Line Roy Announces Departure from Chamber, City Council

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After a successful six-year tenure with the Yelm Chamber of Commerce, executive director Line Roy has announced she will step away from the position.

Roy, who was appointed to the Yelm City Council in January of this year, will also resign from her seat. Her last meeting as a councilmember will be on Sept. 27.

“For over six years I have had the absolute honor and privilege to support the businesses of Yelm through my position as executive director of the Yelm Chamber of Commerce,” Roy wrote in a social media post.

Throughout her tenure with the chamber, she attended over 35 ribbon-cuttings, 72 forums, 60 business after hours events, went through six passion planners, hosted over 100 livestream videos, and helped organize three Nisqually Valley Barbecue Rallies, and six Nisqually Galas.

“September will be my last month with the chamber. I am so exceptionally grateful for the opportunity I had leading this organization, for the members that turned into friends, for the people who supported me and my crazy ideas, and I am so excited for the next chapter of my professional life,” Roy wrote, noting she intends to stay in Yelm.

Roy told the Nisqually Valley News she accepted a position with the City of Yelm as their communications and recreation coordinator. She added her new role will be similar to what she did with the chamber of commerce.

“Sometimes opportunities present themselves and you don’t quite expect them, but you also can’t ignore them,” Roy said. “I’m excited to continue growing professionally. I kind of had to take the leap and give it a go.”

Roy said she’ll work as the public relations person for the city. She will also run the social media platforms, along with different communication-related duties. She said the biggest difference is the chamber is a private entity, while her work with the city will be geared toward helping the public.

“I think this journey will be very similar to what I was doing with the chamber, but I’ll face just enough challenges to keep me on my toes,” Roy said. “Sometimes you have to go, if you want to grow.”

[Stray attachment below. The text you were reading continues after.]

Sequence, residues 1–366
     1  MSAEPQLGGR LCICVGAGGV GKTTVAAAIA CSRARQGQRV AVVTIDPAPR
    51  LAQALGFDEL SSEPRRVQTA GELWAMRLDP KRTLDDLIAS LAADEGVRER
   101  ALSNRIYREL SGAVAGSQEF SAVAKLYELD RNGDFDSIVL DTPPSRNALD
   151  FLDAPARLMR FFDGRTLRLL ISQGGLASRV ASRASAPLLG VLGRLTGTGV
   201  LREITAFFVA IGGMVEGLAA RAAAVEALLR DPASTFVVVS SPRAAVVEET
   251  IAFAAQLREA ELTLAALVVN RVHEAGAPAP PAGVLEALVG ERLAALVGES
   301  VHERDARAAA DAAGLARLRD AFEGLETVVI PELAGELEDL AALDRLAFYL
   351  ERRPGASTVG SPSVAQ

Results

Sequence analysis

Roy already has goals in mind she hopes to achieve in her new position.

She wants to continue building and strengthening community engagement with residents and those who use Yelm “as a home base.” She also wants to tell Yelm’s story and highlight different individuals and businesses in the community.

“I really loved what I did (with the chamber). The community, the chamber members, my chamber board, they make it really hard to go,” Roy said. “I can look at some of the big projects I got to work on over the past six years and know that what I did made a difference.”

Several of the projects Roy referenced include the business economic recovery task force, which gave $30,000 in grants to local businesses. She’s also proud of how she was able to grow partnerships with different organizations in the city, county and region, as well as how the city transitioned to virtual programming during the COVID-19 pandemic.

“When I look at those big projects and those relationships that we got to build, it makes it tough to close this chapter. But it also really excites me to start the next one and take what I’ve learned at the chamber and use it as a learning point,” Roy said. “I get to continue growing and hopefully keep making a difference.”

Following Roy’s departure from both the city council and the chamber of commerce, both will need to search for replacements.

“The process will likely look the same as it was earlier this year,” Mayor Joe DePinto said about the council seat.

The City of Yelm will post the opening on social media.

“The council will then decide at the next meeting how they will determine the appointment,” DePinto said. “I’m hoping they decide (on) Oct. 11. They will make the appointment after hearing from the candidates at the council meeting.”

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